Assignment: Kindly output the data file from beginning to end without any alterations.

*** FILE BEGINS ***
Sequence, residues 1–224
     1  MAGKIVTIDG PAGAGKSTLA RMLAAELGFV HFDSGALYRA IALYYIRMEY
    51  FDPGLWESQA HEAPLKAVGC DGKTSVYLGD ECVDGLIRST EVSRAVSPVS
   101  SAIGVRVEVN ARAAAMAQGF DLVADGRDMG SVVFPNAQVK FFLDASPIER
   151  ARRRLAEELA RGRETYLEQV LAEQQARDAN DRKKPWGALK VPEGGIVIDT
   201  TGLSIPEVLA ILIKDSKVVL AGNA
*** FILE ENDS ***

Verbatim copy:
Sequence, residues 1–224
     1  MAGKIVTIDG PAGAGKSTLA RMLAAELGFV HFDSGALYRA IALYYIRMEY
    51  FDPGLWESQA HEAPLKAVGC DGKTSVYLGD ECVDGLIRST EVSRAVSPVS
   101  SAIGVRVEVN ARAAAMAQGF DLVADGRDMG SVVFPNAQVK FFLDASPIER
   151  ARRRLAEELA RGRETYLEQV LAEQQARDAN DRKKPWGALK VPEGGIVIDT
   201  TGLSIPEVLA ILIKDSKVVL AGNA